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tTHE ROCK ISLAXD ARGUS. ; WEDNESDAY, OCTOBER 22, iois.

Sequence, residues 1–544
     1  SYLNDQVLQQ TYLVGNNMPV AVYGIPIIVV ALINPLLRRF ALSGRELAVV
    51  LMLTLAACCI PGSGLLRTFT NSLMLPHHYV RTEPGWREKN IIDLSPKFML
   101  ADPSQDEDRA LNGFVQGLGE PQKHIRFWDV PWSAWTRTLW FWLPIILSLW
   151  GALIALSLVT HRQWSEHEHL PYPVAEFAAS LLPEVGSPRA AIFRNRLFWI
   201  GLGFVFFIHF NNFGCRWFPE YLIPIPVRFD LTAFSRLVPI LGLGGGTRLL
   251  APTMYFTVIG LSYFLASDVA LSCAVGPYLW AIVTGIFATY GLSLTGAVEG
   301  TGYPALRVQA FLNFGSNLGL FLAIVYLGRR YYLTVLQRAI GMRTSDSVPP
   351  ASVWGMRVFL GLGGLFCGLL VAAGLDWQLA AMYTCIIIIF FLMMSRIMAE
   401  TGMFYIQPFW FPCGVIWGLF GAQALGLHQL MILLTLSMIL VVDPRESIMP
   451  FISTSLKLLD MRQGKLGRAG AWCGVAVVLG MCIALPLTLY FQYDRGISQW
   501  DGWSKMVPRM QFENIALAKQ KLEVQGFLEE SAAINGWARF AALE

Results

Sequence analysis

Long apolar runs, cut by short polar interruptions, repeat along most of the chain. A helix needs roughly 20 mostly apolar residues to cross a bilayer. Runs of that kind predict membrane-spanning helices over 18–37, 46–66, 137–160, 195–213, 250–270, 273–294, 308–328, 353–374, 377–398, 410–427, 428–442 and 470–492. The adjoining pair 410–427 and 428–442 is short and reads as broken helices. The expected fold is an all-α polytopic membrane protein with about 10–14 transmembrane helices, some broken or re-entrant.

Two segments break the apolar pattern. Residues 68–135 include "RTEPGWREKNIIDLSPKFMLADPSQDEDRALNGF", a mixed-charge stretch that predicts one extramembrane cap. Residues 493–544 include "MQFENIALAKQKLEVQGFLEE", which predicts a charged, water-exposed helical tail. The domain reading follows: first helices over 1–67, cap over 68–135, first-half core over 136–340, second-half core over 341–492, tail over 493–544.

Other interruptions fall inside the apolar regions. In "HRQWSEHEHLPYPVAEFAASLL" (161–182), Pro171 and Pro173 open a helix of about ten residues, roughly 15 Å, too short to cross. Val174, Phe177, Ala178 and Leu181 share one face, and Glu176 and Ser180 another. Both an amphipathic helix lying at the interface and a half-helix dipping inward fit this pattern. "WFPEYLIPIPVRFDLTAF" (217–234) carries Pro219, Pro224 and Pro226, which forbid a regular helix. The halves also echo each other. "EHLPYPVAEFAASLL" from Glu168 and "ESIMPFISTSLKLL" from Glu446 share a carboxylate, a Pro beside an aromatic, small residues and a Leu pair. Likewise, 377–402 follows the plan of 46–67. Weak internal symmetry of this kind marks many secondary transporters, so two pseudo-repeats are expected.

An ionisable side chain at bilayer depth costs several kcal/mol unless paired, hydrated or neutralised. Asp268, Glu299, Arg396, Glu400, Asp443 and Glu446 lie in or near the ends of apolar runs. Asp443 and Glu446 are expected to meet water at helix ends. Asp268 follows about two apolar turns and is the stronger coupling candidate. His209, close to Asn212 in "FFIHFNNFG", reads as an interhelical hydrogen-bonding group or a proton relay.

10 TODAY'S MARKET QUOTATIONS r Local and Foreign Chicago and Now York market for ; fiiihed by E. V Wagaer fc Co, mera-j T.. rwi r- j m i. , provisions, stocks and cotton: private: wires to all financial centers. Corro-'cows, snondents on the Now York Stock and Cotton Exchanges. Tri-city office lu . suite 309 Best Building. Phone Rock Island 320. P. J. McCORMICK. Manager. CHICAGO MARKETS. Wheat Open. High.' Low. Clot Dec S3. 84H S3U 84 B May ..... 9 83 S87VB Corn Dec 673 C8H 67U 68 B May 69 70' 69 ! 704 A July 69 70 69 69 Oats Dec 38 S9i SSU 39'i May 42 42 41 42 A Pork Jan 19.27 19.55 19.35 19.52 May 19.50 19.75 19.50 19.70 A Laid Oct. 10.42 10.45 10 42 10.45 B Jan 10.35 10.47 10.32 10.47 A Ribs Oct. 10.35 10 45 10.45 10 '5 Jan 10.30 10.37 10.27 10.37 B Chicago Cash Grain. Corn No. 2. C970; No. 2 w. 63ffr70; No. 2 y, r70i: No. 3, 069; No. 3 w, f.9 ft ;; No. 3 y. C9 No. 4. CS ; No. 4 , OS'.iOCS: No. 4 y, US'slCO; No. 4 y nw, 61 ; sgm new. rK. Oats No. 2 w, 3S?i 40; No. 3, 38si ; Ko. 3 w. 3S(&,40; No. 4 w. SSi3S; Mandard. 39 fill; fg, ""!-!j.ZK Wheat No. 2 r, 92!'-': No. 3 r. S9fj91: No. 2 bw. MjS.V.', ; No. 3 bw, 83a81; No. 1 ds, 87; No. 2 ns, 83fiS012; No. 3 ns. 82fif5: No. 4 ns. TStitKS: No. 2 . R4TtS3: No. 3 s. Slfj 84: No. 1 vc, MUfiK.V. No. 2 vc. 82-&84; No. 3 vc, MiS3. Liverpool Cable. . Wheat opened up to , off; closed to off. Corn opened unchanged; closed 1 to 1 off. Chicago Receipts. Today. Contract. Wheat 35 Corn 93 36 Oats 150 11 Northwest Cars. To- Last Last dnv. weei:. year Minneapolis 287 416 507 Duluth 173 249 756 Winnipeg 999 l,29o 1,027 Chicago Estimates Tomorrow. Wheat 30 Corn 133 Oats 131 Primary Movement Receipts, shipments. Wheat today Year ao . . . Corn today . Year ago. . . . 869.000 763,000 i . 1,888.000 533,000 . 281,000 1.826,000 588,000 277,000 Opening of Market Horn 26.000: h-ft over, 3.957; open- ed'lOc lower than yesterday's aver - age. Mixed, $7. 43? 8.20; good. $7.75rl 8.15; rough, $7.40 7.7o; light, $7.50 '8.10. Cattle. 17.000: steady. Sheep. 37.000; steady. Nine O'clock Market. Hogs Dc lower than yeterday's av- erage. Mixed, $7.506 8-20; good, $7.80 Daily United States Weather Map U. tfljn k 3ftl. I3 A . rfi' 1 1 29.9 Unsettled tonight and Thursday, with rain or snow flurries tonight. 1 N4'S- An. x ' limn 7rev EXPLANATORY'NOTES. nbvmtkmii Uka St ( a. .. 75th mridiB am. Atr pmrar rvdurcd to ap level. Isobar (eontfnoout lineal p throneh point r equal air preatur. loUerm (doued Unenl paJal Uuoura points of equal temperature; draan only for xero. freezing. 90, sod 1XP. O rlear. Q partly cloudy: Q cloudy; rain: now; report nisln. Arrows fly with the wind. Flm fljures. lowest umperatur past 1J hoars: second, precipitation of JOl Inch or more for part S Poor; talrd. mulmua wind Tetoclty. WEATHER CONDITIONS. An area of low pressure which ex I' UUS IIUUI a4 t7vvaiv.a .a a i a vvaa M J at:d the ett gulf districts northeast ward to Iowa, with its center over Texas, hus been attended by light rain Boston 5S r snow from the eastern Rocky moun- BufTalo 42 tain lope to the central valleys aJijRock Island 38 the lake region. This disturbance j Tenver 64 and another low, which overlies west- i Jacksonville 60 ern Canada have caused a rise in j Kansas City 44 temperature from the eastern Rocky j New Orleans 65 mountain slope to the Mississippi val-New York 52 ley. The pressure is highest on the 'Norfolk 64 Atlantic slope and the north Pacific I Phoenix &6 coast, and frost has occurred as far i St. Louis 44 southward along the Atlantic coast! St. Paul 30 as South Carolina. The northeast- San Diego 72 ward movement of the Texan storm j San Francisco 7 will cau o continued unsettled weath- j Seattle 5$ 8.20; rough, $7.457.73; light, 17.50 8.15; pigs. $4.00(g7.50; hulk, ?7.65 ci fi At " CatUe steady. Beeves, J7.10i9.60; $3.25S.40; stockers, 15.50 7.6s: Texans, J6.o0ii8.00; westerns, $.25& 8.40; calves, $8.50 10.50 Sheep steady to strong; 3.00ijr 5.25; lambs, $4.75 7.25. Closing cf tbe Market. j Hogs closed stow at early prices, , j 5c lower than yesterday's average.-' Mixed. $7.50(0 8.20; good, $7.80 8.20; rougn, i.ia;- iigni, i.ou'o o.io Cattle and sheep steady. Southwest Receipts. Hogs. Cattla. Sheep. Kansas City 14.000 12.000 15,000 Omaha 5,600 4,300 2S.000 Estimates Tomorrow. Hogs. Cattle. Sheep Chicago '. 2,000 5,000 25.000 Hog Receipts. St. Louis ' 9,500 St. Joseph 5,500 Sioux City 3,800 St. Paul 4,000 1 Market Square Sale3 II Oct 21, 1913. Light loads of corn at 73 75c. One load of oats at 43c. Two loads of timothy hay at $16. One load of barley at 65c. One load of mixed hay at $14. Two lods of straw at $7.50S8.50. LOCAL MARKET CONDITIONS. UCT.. . rouowiUK are me nuie- sale quotation on the local market ( ,orable European crop prospects and today: the fact that p:ate holders are offering Butter, Eggs and Cheese. , freey Rt ft decUne caused the weak. Eggs, fresh, dozen 29 ness. At 1:30 the market was very Lgfcb. torage. dozen 26 J weak and 1 1-S lower than yesterday. Butter, dairy, pound 271 BuUer. creamery, pound 34 j Morning Market Letter. Butter, packing stock, pound 22: y,-heat caDic- l0 lower on re Vegetables, j flection cf favorab'.e Argonline reports Parsley, bunch 3cland light rains in India. With the Cucumbers, hot hcuse IOC? 20c j moderate movement here and good Lettuce, pornu 12c .premiums for contract wheat over De- Potatocs. bushel 80c90c , cembcr in all markeU we feel that Ot:ions, bunch 3c New cabbage, Louisiana, pou3a...A Onion, Texas, iicrmuaa ana b'.iver Skin, per bushel $1.00 Chickens. Old tocUs 7c Hens 12c 1 Spring 14c ,...8C , .4c7c 12c Fish Market. . Buffalo Perth Halibut, frei h . . , Pickerel, pound 3c j Catfuh ! Trout, pound 15c pound 14c NEW YORK STOCKS. New York. Oct. 22. Following are the quotations o cue New York slock market tcJay; 125 151 107 I'nion Pacific i-njt,.d States Steel, preferred j t'njtpd states Steel, common . o Reading 161 ttol.k isiaud, preferred 20 Rock Island, common 134 Chicago & Northwestern 126 southern Pacific 87 j New York Central 95 Missouri Pacific 29 Great Northern 12 S. Department of Agriculture. WPATHFD RfTDPAIT - 1 -. a 3V-rCsirKrJ 7.... I X ia,ff7 . ak fizz? tis er in this vicinity tonight and Thurs - da- wilh rain or snow AU'Tles to- nlrrhr OBSERVATIONS. High. Lot. Prep. 1 38 33 31 34 46 36 64 38' 40 56 40 22 62 50 46 .00 .01 .06 .14 .00 .02 .00 .00 .00 .00 .01 .00 .00 .60 .00 r oil -m.jl j t3 1 . 1 j : - t UV-ttrrL. VISA (Northern Pacific Smelters ...... I PAnaflian Pacific 107H 228'i Illinois Central " Pennsylvania 103 27s 57 87- tne j Chesapeake & Ohio (Brooklyn Rapid Transit I Baltimore & Ohio .... ! Atchison 93S g3 31$ jRxl nr 101 U 75 151 20 riL,h Y Lehigh Valley .... Republic Steel, common !l WAGNER'S REVIEW II S, Liverpool Situation. Liverpool. Oct 22. Wheat influ enced at opening by the steadiness ia America and 1-8 higher to 1-8 lower than yesterday. Later there was a freer realizing when prices declined to 5-S on the weakness in Winni peg yesterday, pressure near Mani toba offers increase in the Canadian visible, continued heavy Canadian receipts, pressure of spot here and pri vate reports of gloning prospects in Argentine wi ll private cable report ing further light rain in India. The weakness in corn helped de cline. At. 1:30 the market easy i to 3-8 lower than yesterday. Corn opened unchanged. Later there was heavy general realizing and prices broke 1 1-8. The fact that two plate cargoes were diverted to Liverpool, where there is alrepdy a lack of s'or 2p room, and talk nf larpe Argentine .hl.alB fh. .!,), f.. i any decline retul'ins from today's ca- una vtjii ag.xiu give a ui auic up- portunity for buying wheat J Corn 1 j.s iower, reflecting lack of storage room. Another cargo of Ar- gentine corn bought for delivery at i Galvestcn. We have further informa- t!on to confirm our Mr. WWs ob servaticn in Europe that Argentine corn is worth 5c par bushel at. leas" less in quality than ours. We note i an improvement in cash demand yes terday. No. 2 white was selling at j 5-8 under December few days is now Va. under bid. We believe the old corn will be wanted and feel favorable to this cereal. Oats Heavy farm consumption will offset liberal suppliers at commercial centers. Good cash business yester day aggrega ing 355,000 bushels. Provisions 28,000 hogs here, slow 10 lower; top $8.20. Provisions will sell some lower. Drift of the Weather. Illinois Unsettled tonight and Thursday; probably showers in south and southeast; snow flurries in north; colder in extreme south. Indiana Cloudy tonight and Thurs day; probably rain in south and rain 17 1 'jC.w"" ir c t-Ts..! X e nport, J-. Oct UiJ - j Washington, D. C. . 50 31 Winnipeg 28 Yellowstone Tark . 41 26 MISSISSIPPI RIVER. i',r yr . Flood. High. Chag. St Paul 14 3.4 0.1 Red Wing 14 3.8 0.0 Reed's Landing ...12 4.0 0.1 La Crosse 12- 3.7 xO.l Lansing 18 4.2 xO.l Prairie du Chien .. 18 4 0 xO.2 Dubuque 18 4.7 xO.l Le Claire 10 1.9 xO.l Rock Island 15 , 3.6 0.0 1 RIVER FORECAST. A ellglit rising tendency in the Mississippi will prevail from below Dubuque to Muscatine. - J- M. SHERIER, Local Forecaster." or snow In north; warmer north and central tonighf j Missouri Unsettled . tonight and Thursday; , probably showers; colder in' extreme south. Inwa TTnspttleH innfvhi with Know flurries In east and south; Thursday generally fair. -. Michigan C!oudy tonight and Thursday. . Wisconsin Unsettled tonight and Thursday: probably showers or. snow flurries; not much change in temper atures. - Minnesota Generally fair tonight and Thursday, preceded by showers much change in temperatures. North Dakota Generally fr-ir t."H night and Thursday; not much change in temperatures. South Dakota Generally fair to night and Thursday; colder, in west tonight . - Nebraska--Genefally fair tonight and Thursday, probably preceeded by- unsettled ip southeast tonirht; colder in west tonight. Kansas Cloudy and colder tonight, probably rain or snow in southeast; Thursday generally fair. Wyoming Fair tonight and Thurs day; colder in east tonight Montana Fair tonight and Thurs day; colder in south tonight Chances Fivor Buyer. After all. all contracts have to be filled by delivery of cash wheat. No. 2 hard wheat, cheapest grade deliver ed on contracts, is selling 1 cent over December, No. 1 northern 3 over, and No. 2 red winter 8 cents over. With a moderate primary movement, unfavorable crop development, a strong probability in India and Argentine and big decline, we feel that the buyer has the chances in his favor. Corn There are about 23 unfavor able husking reports to one good one. Southwest feeders are outbidding com petitors in their own territory. Some how the bis shortage in this year's crop will Tiot be downed by argu ments. TVe still feel friendly. Oats Another Canadian cargo work ed caused late decline. A local statis tician has figures to show enormous farm consumption. This appeals to ns as a strong feature and more than off sets heavy stocks at commercial pciits. Provisions Despite bearish sur roundings, provisioTis gave a good ac count of themselves. We feel adverse to advocating purchases with big in terests opposed to advance. Stocks The ruling cf the interstate commerce commission vacating rate suspensions in the Missouri river dis trict, indicating a more favorable at titude toward the railrcads, was a sur prise to the bear element. The swift recovery we had today may be follow ed by moderate setback, but we be lieve the stock market will now give a kbetter account of itself. Cotton The technical position of the cotton market has been improved be cause of the liberal amount of profit taking by the bulls. Spinners have changed, their ideas materially and we believe the market will have better scale down suppcrt from this level; the planter is marketing discriminate ly and judiciously waiting for higher price. The 15-cent bee is buzzing In the south. . . Colds Cause Headache and Grip. Laxative Bromo Quinine tablets re move the cause.- There is only one "Bromo Quinine." It has signature of E. W. Grove on box; 25c. (Adv.) Washington Secretary Bryan, Senator James, Representative Glass. former Governor Folk of Missouri and Representaative Swager Sherley of Kentucky will speak in the New Jer sey gubernatorial campaign. EASY WAY TO GET RID 0F PIMPLES Reaiao! Really Does What Coametica Are Supposed To Do. It is so easy to get rid of pimples and blackheads with Resinol, and it costs ao little, too, that anyone whose face is disfigured by these pests is fool ish to keep on with useless creame, washes or complicated "beauty treat ments." Here's the way to do it: Bathe your face for several minutes with Resinol Soap and hot water, then apply a little. Resinol Ointment very gently. Let this stay on ten minutes, and wash oft with Resinol Soap and more hotwater.finishing with a dash of cold water to close the pores. Do this every morning and evening, and you will be surprised to see how quickly tha healing, antiseptic Hcsinol balsama soothe and cleanse every pore, leaving the complexion clear and velvety. Resinol etopsitching instantly 'and speedily heals eczema, and other skin humors, dandruff, sores, burns and piles. Sold by every druggist, Resinol Oint ment, SO eta. and $1.00, Resinol Soap, 25 eta. For generous free trial, write Dept. 4-M, Resinol, Baltimore, Md. Advertisement. Drink Habit CONQUERED no; The nervous sweat in the morning; 04 1 the cough, the gagging and the gen- 10 ; era! feeling or uncertainty that every drinking man experiences are entirely relieved by the Neal Treatment Absolutly harmless. No hypoder mics. No great waste of time. Every thing confidential. For full informa tion and references call, write or Neal Institute 821 Farnam St, Davenport, la. Phone 3C93. J. J. Morrow, Manager. SMALL CROWD TO GREET SUF CHIEF Audience Heckles Mrs. Pank hurst While She Describes Women's Warfare. HALL ONE-QUARTER" FULL Atmosphere of Madison Square Garden Meeting Cool Itself Toward the ' Militant Movement New York, Oct. 22. There was a surprise in Btore for Mrs. Emmellne : Pankhurst last night when she en-j tered Madison Square Garden to speak ' at a mass meeting. The English mili-; tant suffragist discovered that, al-, though there were seats for fully j 12,000 persons, few more than 3,000 j had come to hear her talk about mili- tancy in England. ' Added to this was the fact that many persons were sorely discontented 1 n-lian irkilA -KiivIa- A .A Dnesall ! " " v. i , nunc v uniicg uunaiu uuacui i socialist candidate for mayor, was J making tho introductory remarks for Mrs. Pankhurst, those in the 50-ceut J seats and in the $1 and $1.50 seats poured down into the main floor and be- j gan to take the $2 and $2.50 scats, re-j gardless of the ushers or what they j paid. . I Martin W. .Littleton was among! others who found this an imposition. I Mr. Littleton sent this letter to the ; newspaper men: .1 i just paid $2.50 apiece for three tickets to hear Mrs. Pankhurst and I had no sooner got seated when every-! body from everywhere by some sig' nal which evidently was agreed on in ailvsnna tliniKlAll hnlte,J.1nUn. Infn i u.u u.v u uviiti annuel mvu a-,v seat for little or ntMr These people were just as good peo-1 pie as I am. and probably in many re- spects better, but the point I am driv- j her son, Harry, and narrating inci ing at is this: Must everything and j dents of his life. everybody be a humbug? Is this ai money-making affair? I left the hall because I did not wj3h to hear any arguments about rights when the whole meeting was manifestly planned to sell rights and give them 'without discrimination. The whole arrangement Is simply dishon est. MARTIN W. LITTLETON. This communication was. passed to Mrs. O. H. P. Belmont, who sat next to Mrs. Pankhurst at the time. On it was written in pencil: "Mrs. Belmont Will you. please give the press an answer to this?" Mrs. Belmont refused to comment on the missive. LOOM FILLS TIIU HALL. Gloom filled the place even before Mrs.' Pankhurst and Mrs. Belmont reached the scene. The suffragists had hoped to have a real circus "turn away" before Mrs. Pankhurst put In appearance. Not so; New York was busy elsewhere, and the atmosphere of the meeting itself was cool toward the militant movement. True, in some sections of the hall there wa3 enthusiasm when Mrs. Pankhurst de nounced leading politicians and states men of England. But Mrs. Pankhurst drove home point after point in her argument. "Shames!" were not as loud nearly as they were at the Woman's Political union dinner Monday night. The hisses and hocts were mild Indeed. And these came mostly from the drill ed suffragists, who knew much about Premier Asquith and Reginald Mc Kenna, home secretary of the British empire. Few persons contributed to the col lection when Mrs. Pankhurst an nounced that, w hile it was being taken up bhe would answer questions from persons in the audience. Thereupon the audience carelessly forgot tho col lection and devoted its attention to heckling "Mrs. Pankhurst or listening to the questions and ansv.crs. The front part of the platform was decorated with the militant colors green, white and purple, and on ban ners there was: "They who permit op pression share the crime," and "Awake, arise, or be forever fallen.'' On one large banner was "Resist ance to tyranny is obedience to God." Mrs. Pankhurst began by telling eometbing of her experience on Ellis island and con trasted it with the time she had spent in Holloway jail. She praised the courtesy of the federal officials and said the women in the immigration bureau are doing fine work. She ssi she was glad the im migration authorities had ordered her to Ellis island. THANKS THB PKKKinKXT. "I am not going to thank President Wilson," said Mrs. PaDkhurst. "He would not want me to, as he would say, I am sure, '1 did my duty.' To begin ' with, you may ask how. it is that the 1 women of England are usiug violence , and upsetting bushes conditions to 1 attain their end. England 1b the most 1 conservative of nations. Your fore- i fathers found that out a great many years ago. j "Women are waging a civil war in j Great Britain." - I Mrs. Pankhurst spoke of the growth! of the movement in England, and just , as she got to this point the scanty ' audience began to tire and scores of ; persons made a humdrum sound as. they walked to the doors. But Mrs. i Pankhurst was not deterred, and she ; continued: "You can't have a revolu-j tion with rosewater. I wish we could. : The only reason for attempting vio- j knee is when all other measures have failed." The speaker attacked the white slave traffic i3 England and declared j that the customers in the traffic ought : to be punished and added that women ; voters would put an en a to it. i "In answer to the question about charging admission, I want to tell you," said Mrs. Pankhurst, "that you came I did not ask you and yon paid. Benjamin Franklin went to France to raise money f did he not? It ..- i Is not necessary for the women in the United States to be militant m the j sene ve are. But let me say we are j going to do the militant work for you j and we 'are glad to do it. - "We have felt the joy of battle. We ; have been in prison, and have been i battered and starved. Our mouths j have been forced open to give us food. 1 was sentenced to three years penal ; servitude and was out of prison on the ! cat and wouse act in nine days. Four j j t'.mes 1 Dursi open me prwun unurs, , unit liavn ewvpd onlv three or four i 'weeks of that prison sentence. This 1 is"U for the betterment of the human : race and in time we will get the eman-' elation of women. Money is the 'east j .part of this flght. some are willing to I pay with their lives." j WEAR SIGN OF rHISO. Some leading suffragists of this! country and a few "hunger strikers" j gat with Mrs. Pankhurst on the stage. wearing small steel prison bar badges i signifying that their militancy had rc-' suited in jail terms, were Miss Elsie; McKenzie and Miss Mary Keegan,! English girls who had come here to j accept business opportunities and Miss Lucy Burns and Miss Elizabeth Free-; man, American girls who' went to' England to fight for ;the cause." I Mrs. O. H. P. Belmont Miss Lavinia Tlal. ITt.-o O..W:i T I -." 1 1 if!..,, 11 ucv.n, jii isa ot uil l I1UUI , in lea AlUi lla A. Hill, Miss Fola La Follctte. Mis3 Ida Craft and other American suffra- gist leaders sat with them. SON TO BE FREED, MRS. THAW HOPES Mother of Slayer Confident of Outcome if Fair Trial Is Given. T, . . . Boston' ct- 22--Mrs. Mary .CoI:ley Thaw gave an Interview tell ing cf her view of the case against She was most optimistic and declar ed she was relieved from most of the worry that had been oppressing her since her son's escape from Mattea wan, worry over the prospect of his being sent back to the Insane asylum. She said her only misgivings over the freeing of her son was based on the one fac. that his money would prevent his case being tried fairly. She asked only that the question of his fortune be forgotten and that he be treated as an ordinary man In a similar position. "I feel certain now that Harry will pgo free,' she said. "When that time comes he will come to his home ..nd work out his destiny as best he can. "Harry is well able to plan his own life. We have nothing definite in mind except to live on and do as much as we can make others happy, as well as to be happy ourselves. I never plan far thead. "When you have endured injustice for seven years you become resigned no, not resigned, but better able to endure :t. The whole family feel the tame; possibly not to the same de gree as 1, but to an unusual degree. "Of what qualities am I most proud in my sou? Well, I am not any more proud of one child than another, and I really couldn't tell about Harry's qualities. I am proud of many of them, but perhaps most of all of his unusual intellectual qualities and his ability to analyze conditions." "Is it true that you direct much of the work in Mr. Thaw's behalf?" she was asked. "No, indeed," she answered with a smile. "He ia quite able to manage hi3 own affairs. 1 never interfere. Wc MM iir, ww im n 'nriiiiii' put n p t 1 !I p n p 1 in1 n" n i iw nwihiw m,ni: Reverses don't last forever. And to quickly banish their effects let us loan you money enough to tide you over. Your Furniture will do for security but we won't touch it. Low charges long time easy payments. iifp in I i!i I !!! mm ,11 "HI. .Minn "W.- wf'.'iiim in 1 . 1 . m; u FIDELITY LOAN CO. . 403 Beet Bldg. Phone R. I. 514 ROCK ISLAND I ii Commercial Savings and Trust Departments Cer. 18th St FOR WOMEN Special conveniences are provided by this liank for its women patrons. A room equipped with telephone, writing material, etc., is provided for their com fort. ; Prompt, courteous, service makes their business transactions pleasant. Savings accounts, bearing 4 inter est, business or household accounts arc invited. Rock Island Savings Bank - H. S. Cable, President. v H. P. Hull. Vice Pres. ' A. J. Llndetrcm. Cashier. P. CreenawrJt, Vice Pres. w. C. Johnston. Asst Cash. ', ; Eyes Examined Without Drugging An OPTOMETRIST is one who prescribes and fits glasses with out the use of drugs or sur gery. Optometry is NOT found ed on medical science, but on OPTICAL science, A lens treats LIGHT, not disease. Only , op tically incompetent practitioners drug healthy eyes. This meth od is not only dangerous, but painful, and it is only by a mir acle if the glasses thus prescrib ed prove correct. We have brought relief and happiness to thousands of people by employ ing our scientific knowledge for the correction of defective vi sion. We use no drugs or "drops" of any kind In our"ex aminations. I RAKER'S SONS OPTOMETRIST. Opposite Harper House. SBB talk over matters, and I'm interested always. Hit in no way do I interfere with the en. duct of the case. I re gard that as a matter for his judg ment." In response to a query as to wheth er the felt any animosity toward Jer ome, she said: "1 certainly have no liking for hint. IfTome's actions betoken a narrow, bigoted nature, to express myself mildly, and 1 think that is all I need say on the matter." A word interjected here brought fcrth Mrs. Thaw's opinion about suf fragets. She declared she was not in favor cf woman's suffrage and spoke of the reports regarding Mrs. Pank hurst and her daughter, saying: "Thai simply illustrates the wasted energy which is conspicuous in lead ers of this movement everywhere. I'm afraid Harry might think this bet ter left unsaid, also." New York Through counsel, Hans Schmidt, self-ronfessed murderer of Anna Aumuller. pleaded not guilty to a charge of homicide, and was sent back to the Tombs. WHY IS ROCKISLAND FIRM? Hccause Its Citizens Have Learned the Truth. After, reading this generous and encouraging report from Miss Art, those who have the nustortutie to suffer as she did, will naturally long to get similar relief. But to get the same good as Miss Artz has, you should get the same remedy. There are of course, other kidney pills but there are no other kiduey pills the same as Doaa's. That is why Rock Island people demand the genuine. ' Miss Etta Artz, 306 Fourth street. Rock Island, 111., says: 'Doan's Kid ney Pills have been beneficial to me and I am pleased to recommend them. I hud nervous spells and suf fered from backache and weak kid neys. When I heard about Doan's Kidney 1'ills I used some and they soon made me strong and well." - For sale by all dealers. Price 50 cents. Koster-Mllburn company, Buf falo, New York, sole agents for the InUed States. Remember the name Doan's r and take no other. (Advertisement.) ui. iim ii'mi.ii.m!. i .' ,i'..n"i Organized 1890 4 Interest on Savings SA!y Depesit Vaults and 3rd Ave, TV 1 I COMPANY! J P mm ii'i I Hi!1 nmiMi:tl'il ;'! I HhlW ll'l